“Yup! Or at least I think it’s his house? It’s his office thingy,” said Sylvia.

“Thank Builledracht,” she said, as she folded her wings in, around her body. “I didn’t recognize you as other people from the citadel.” The moth got to her feet, bent her head forwards, and made a buzzing sound by flapping her wings seven times in rapid succession. A traditional greeting, specifically one of the more friendly sort. “I don’t think we’ve met. I am Lova Feldstal, Kryddarian Spellweaver, and one of the warriors in the hunting party that Fred’s been tutoring lately.”

Claire nearly raised a brow, but suppressed it in favour of keeping her expression neutral. “You’re a warrior? Not a mage?”

“I was before I got here.” Lova pursed her lips.

“Right.” The half-horse lowered her gaze briefly before assuming her usual poker face. “I’m Claire, Frostblight Lyrkress, and this is my pet.”

“And I’m Sylvia Redlea—wait a second! I’m not your pet!” Sylvia gave the other halfbreed a look of disbelief as her tail went limp and slowly fell to the ground.

“You’re a fuzzy, four-legged creature that follows me around. That makes you my dog.”

“I’m a fox! Not a dog! And I can’t be your pet because you’re my pet!”

“Exc—” Lova tried to join in on the conversation, but she was ignored and spoken right over.

“You’re insane.”

“No I’m not! You’re a derpy weakling that needs my constant care and attention! You get lost every time I take my eyes off you! If you’re not my pet, then I don’t know what you are!”

“You’re derpier than I am.” Claire narrowed her eyes. “And you don’t take care of me. I take care of you. I even feed you.”

“Excus—” Again, she was cut off, this time, by the fox.

“I feed you too! Remember the fish? I even gave you a rabbit once!”

“I’ve fed you more. All of today, yesterday, and the day before.”

“That’s just becaus—”

“No excuses,” said Claire, as she magically pinched Sylvia’s mouth shut. It was a simple operation that required nothing but magically seizing the top half of her jaw with one hand, the bottom with the other, and clapping vertically.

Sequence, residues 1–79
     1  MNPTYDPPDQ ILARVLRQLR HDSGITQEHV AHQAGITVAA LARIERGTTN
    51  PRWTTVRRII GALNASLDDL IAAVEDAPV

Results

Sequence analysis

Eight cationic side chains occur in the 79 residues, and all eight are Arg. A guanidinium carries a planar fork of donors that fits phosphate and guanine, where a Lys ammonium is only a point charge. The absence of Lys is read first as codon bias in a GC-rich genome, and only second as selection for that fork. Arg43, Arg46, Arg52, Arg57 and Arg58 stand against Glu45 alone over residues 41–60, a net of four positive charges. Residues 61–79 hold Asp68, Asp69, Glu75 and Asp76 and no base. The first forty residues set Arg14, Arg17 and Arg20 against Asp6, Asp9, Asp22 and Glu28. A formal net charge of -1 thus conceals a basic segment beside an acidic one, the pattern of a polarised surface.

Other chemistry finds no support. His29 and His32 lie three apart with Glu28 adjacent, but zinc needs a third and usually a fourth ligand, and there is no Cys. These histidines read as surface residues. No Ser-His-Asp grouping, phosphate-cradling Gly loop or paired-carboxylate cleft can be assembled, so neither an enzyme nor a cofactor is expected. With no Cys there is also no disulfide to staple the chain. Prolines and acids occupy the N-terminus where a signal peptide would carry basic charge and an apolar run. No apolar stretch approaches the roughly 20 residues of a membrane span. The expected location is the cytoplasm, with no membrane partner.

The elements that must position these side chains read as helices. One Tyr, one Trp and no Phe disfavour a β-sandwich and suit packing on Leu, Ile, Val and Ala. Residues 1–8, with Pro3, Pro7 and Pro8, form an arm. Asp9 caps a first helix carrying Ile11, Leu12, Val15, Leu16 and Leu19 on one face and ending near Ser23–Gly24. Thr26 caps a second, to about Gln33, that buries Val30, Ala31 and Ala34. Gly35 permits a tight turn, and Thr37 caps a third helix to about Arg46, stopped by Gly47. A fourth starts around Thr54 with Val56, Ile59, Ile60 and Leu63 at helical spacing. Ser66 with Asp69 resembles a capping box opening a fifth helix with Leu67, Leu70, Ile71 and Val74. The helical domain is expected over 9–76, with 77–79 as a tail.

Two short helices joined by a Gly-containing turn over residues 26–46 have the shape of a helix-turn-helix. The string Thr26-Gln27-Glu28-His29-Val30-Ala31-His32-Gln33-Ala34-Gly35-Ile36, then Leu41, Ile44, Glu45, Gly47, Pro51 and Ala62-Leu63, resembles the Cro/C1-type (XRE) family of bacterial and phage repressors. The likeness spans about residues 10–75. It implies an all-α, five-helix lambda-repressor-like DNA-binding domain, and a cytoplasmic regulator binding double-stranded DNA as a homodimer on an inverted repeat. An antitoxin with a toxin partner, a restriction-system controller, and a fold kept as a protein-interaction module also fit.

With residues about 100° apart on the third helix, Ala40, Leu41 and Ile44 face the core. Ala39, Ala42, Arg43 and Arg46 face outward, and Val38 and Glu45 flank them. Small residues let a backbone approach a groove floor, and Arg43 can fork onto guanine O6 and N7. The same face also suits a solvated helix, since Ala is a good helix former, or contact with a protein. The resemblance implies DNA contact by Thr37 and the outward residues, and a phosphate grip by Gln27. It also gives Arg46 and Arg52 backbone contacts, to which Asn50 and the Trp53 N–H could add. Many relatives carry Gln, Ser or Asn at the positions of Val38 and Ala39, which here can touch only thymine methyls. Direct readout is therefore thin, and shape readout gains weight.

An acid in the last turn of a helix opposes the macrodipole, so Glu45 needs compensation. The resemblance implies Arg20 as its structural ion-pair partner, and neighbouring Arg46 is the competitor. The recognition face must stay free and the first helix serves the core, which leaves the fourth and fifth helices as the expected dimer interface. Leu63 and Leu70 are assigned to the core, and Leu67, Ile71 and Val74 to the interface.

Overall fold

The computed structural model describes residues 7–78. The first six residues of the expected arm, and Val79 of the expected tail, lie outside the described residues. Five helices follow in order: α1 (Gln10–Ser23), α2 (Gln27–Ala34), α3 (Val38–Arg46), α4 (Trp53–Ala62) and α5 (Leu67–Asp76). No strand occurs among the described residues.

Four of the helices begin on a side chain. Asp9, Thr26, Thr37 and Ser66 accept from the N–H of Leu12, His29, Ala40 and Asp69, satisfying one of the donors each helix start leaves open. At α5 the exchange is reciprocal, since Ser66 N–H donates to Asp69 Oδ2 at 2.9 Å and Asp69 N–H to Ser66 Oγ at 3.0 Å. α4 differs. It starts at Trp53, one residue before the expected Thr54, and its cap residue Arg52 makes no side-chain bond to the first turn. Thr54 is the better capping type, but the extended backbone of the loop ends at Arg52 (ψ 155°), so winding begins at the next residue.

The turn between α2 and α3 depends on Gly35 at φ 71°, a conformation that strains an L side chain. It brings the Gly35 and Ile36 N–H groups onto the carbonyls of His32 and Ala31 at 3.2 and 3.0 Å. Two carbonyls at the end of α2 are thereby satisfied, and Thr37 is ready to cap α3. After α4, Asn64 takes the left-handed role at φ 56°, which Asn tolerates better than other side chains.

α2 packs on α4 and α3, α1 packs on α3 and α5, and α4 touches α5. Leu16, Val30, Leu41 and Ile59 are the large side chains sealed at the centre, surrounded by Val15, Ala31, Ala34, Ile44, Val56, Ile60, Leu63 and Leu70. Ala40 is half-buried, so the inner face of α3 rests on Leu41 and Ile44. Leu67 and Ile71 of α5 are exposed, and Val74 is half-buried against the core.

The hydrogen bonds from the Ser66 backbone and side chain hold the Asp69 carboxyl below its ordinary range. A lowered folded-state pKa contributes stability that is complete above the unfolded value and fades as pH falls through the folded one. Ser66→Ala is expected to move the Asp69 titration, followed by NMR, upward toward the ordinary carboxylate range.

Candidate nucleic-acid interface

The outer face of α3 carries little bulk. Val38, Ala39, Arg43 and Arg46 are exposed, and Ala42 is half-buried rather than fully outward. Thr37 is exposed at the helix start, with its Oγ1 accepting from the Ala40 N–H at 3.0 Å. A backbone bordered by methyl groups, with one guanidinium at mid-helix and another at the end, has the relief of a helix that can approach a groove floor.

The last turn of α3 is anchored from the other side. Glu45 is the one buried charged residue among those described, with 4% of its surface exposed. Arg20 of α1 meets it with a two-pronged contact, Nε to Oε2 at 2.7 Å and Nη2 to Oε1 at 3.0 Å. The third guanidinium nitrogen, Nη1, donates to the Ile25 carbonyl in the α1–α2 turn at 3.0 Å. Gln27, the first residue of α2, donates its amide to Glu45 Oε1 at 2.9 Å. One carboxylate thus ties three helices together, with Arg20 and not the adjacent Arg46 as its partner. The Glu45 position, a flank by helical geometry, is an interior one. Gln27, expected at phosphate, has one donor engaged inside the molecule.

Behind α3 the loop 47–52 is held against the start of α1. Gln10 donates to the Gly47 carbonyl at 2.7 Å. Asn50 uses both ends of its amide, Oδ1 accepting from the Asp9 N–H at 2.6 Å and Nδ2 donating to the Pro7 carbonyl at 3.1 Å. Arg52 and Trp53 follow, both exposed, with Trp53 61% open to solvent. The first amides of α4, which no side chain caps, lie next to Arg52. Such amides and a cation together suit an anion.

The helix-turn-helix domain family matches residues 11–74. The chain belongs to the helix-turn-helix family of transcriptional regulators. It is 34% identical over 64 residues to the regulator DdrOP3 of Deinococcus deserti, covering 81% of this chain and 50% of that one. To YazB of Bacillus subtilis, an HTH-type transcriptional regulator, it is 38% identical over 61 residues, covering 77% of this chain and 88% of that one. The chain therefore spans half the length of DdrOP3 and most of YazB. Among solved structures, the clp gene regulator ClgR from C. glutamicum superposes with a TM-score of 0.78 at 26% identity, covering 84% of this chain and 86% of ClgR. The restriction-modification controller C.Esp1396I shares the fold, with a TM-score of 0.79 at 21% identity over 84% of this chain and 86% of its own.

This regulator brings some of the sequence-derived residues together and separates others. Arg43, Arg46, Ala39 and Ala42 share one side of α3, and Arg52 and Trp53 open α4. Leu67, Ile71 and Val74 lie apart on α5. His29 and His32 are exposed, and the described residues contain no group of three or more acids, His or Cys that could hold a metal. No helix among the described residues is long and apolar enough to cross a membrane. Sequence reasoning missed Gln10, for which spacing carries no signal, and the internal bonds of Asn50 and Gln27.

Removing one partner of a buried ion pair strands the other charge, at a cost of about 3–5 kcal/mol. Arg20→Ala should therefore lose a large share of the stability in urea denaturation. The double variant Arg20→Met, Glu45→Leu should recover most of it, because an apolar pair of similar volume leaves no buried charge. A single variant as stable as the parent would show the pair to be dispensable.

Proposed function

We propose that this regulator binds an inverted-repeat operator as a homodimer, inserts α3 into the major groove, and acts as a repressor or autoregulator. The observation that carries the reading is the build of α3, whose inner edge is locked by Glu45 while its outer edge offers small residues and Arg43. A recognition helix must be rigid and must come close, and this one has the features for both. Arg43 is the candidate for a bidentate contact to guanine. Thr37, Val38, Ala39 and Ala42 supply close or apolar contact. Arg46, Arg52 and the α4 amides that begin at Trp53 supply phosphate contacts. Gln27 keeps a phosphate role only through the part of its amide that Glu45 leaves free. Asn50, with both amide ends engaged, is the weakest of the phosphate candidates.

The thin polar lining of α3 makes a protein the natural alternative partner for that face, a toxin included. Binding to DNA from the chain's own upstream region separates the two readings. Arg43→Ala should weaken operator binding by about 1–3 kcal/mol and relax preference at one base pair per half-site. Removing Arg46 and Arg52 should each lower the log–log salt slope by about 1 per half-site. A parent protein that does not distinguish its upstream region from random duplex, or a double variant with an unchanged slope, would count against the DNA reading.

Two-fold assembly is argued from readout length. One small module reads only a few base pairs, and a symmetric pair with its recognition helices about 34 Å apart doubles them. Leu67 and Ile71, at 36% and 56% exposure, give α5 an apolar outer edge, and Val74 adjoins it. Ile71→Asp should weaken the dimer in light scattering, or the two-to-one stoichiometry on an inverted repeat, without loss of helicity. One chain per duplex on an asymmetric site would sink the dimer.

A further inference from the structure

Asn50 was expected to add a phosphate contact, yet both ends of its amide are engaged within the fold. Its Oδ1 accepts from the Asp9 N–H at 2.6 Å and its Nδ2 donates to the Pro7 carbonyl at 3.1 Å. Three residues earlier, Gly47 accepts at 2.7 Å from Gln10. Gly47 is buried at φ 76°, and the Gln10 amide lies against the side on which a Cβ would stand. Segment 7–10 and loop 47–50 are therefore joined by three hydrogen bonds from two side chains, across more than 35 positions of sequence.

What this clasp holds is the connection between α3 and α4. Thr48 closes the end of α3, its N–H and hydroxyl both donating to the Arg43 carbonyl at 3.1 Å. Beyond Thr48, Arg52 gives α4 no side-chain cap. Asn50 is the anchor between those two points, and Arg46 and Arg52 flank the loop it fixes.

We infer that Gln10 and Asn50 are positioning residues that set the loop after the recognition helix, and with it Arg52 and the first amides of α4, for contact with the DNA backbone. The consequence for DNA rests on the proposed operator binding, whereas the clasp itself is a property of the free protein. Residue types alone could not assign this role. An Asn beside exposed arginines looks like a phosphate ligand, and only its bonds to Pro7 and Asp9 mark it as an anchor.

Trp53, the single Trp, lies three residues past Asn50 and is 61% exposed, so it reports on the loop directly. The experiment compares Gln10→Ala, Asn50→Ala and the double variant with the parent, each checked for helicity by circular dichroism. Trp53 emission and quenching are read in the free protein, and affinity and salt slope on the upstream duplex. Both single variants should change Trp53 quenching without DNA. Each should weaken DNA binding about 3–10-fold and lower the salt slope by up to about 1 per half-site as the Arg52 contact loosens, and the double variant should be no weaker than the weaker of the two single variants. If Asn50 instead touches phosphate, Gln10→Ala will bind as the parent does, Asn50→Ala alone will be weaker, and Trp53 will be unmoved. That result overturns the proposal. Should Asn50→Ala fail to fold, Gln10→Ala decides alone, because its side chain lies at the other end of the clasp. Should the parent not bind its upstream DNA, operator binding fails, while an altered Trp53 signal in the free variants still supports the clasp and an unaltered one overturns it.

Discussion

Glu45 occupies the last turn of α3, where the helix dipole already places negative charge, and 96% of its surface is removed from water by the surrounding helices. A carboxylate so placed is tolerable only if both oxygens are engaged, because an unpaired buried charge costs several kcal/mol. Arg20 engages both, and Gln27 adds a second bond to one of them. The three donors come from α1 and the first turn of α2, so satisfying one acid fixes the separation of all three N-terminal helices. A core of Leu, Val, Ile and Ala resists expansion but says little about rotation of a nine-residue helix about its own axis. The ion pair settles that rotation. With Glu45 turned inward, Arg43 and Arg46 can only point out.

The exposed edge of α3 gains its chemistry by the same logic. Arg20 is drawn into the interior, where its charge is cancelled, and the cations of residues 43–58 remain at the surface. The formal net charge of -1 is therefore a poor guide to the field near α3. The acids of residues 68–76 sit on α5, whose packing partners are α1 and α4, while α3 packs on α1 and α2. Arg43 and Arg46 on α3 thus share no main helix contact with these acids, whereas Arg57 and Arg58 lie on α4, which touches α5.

“What is going on out there?” A fourth voice joined the conversation as the cathedral’s door was pushed open. Out from the entrance stepped a face that all three people happened to recognise.

“Nothing,” said the moose.

“Ummm… I wouldn’t worry about it. We were just being silly,” said the elf.

“Good afternoon, Beck. Sorry for the noise,” said the moth.

“Lova? You made it! I thought we lost you!” He clapped his paws together. “Thank the gods. I’ve been worried sick, ever since I heard that Murtt and Grell had run away without you. What happened?”

“They were… eating me again. These two happened to come across me while I was trapped.”


“Thank you Claire, and you too, Sylvia. We were putting together a rescue mission, and you saved us a lot of time, effort, and maybe even lives.” The bald cat smiled at the two in turn.

“You’re welcome!” chimed Sylvia.

You didn’t even do anything.

“Does this happen often?” asked Claire.

“Of course not.”

“All the time.”

Lova and Beckard spoke at the same time, with the girl denying the allegation and the cat confirming it. Looking between the two, the lyrkress slowly shook her head and breathed a sigh.

“Let’s go, Sylvia. We’re leaving.”

“Already? You could at least stay for a meal,” said Beckard. “It’s almost dinnertime, and we’ve yet to thank you for rescuing Lova. I’ll even ask her friends and instructor to tag along. I’m sure they’d all be glad to meet you.”

Claire stopped for a moment to look at him with her usual icy glare. It was a chance to integrate herself into their society, and in a relatively favourable light at that. The citadel didn’t seem as hostile as she had initially suspected. If the Kryddarian, of all people, had refrained from stabbing her in the back when given the chance, then she was unlikely to be in danger so long as she didn’t run into any of her father’s sworn enemies. That, however, was assuming that there would actually be a good impression. And while she didn’t understand why the moth didn’t openly condemn her for the half-hour or so of abuse, she felt that the citadel’s impression of her was likely to plummet if it ever came to light. Which it most certainly would, with the circumstances as they were.

“No thanks,” said Claire, as she started walking away.

The fox looked like she had something to say, but after waving goodbye, followed her companion down the road.


About the author

Spicy Space Squid

Bio: Surprisingly tangy and delicious.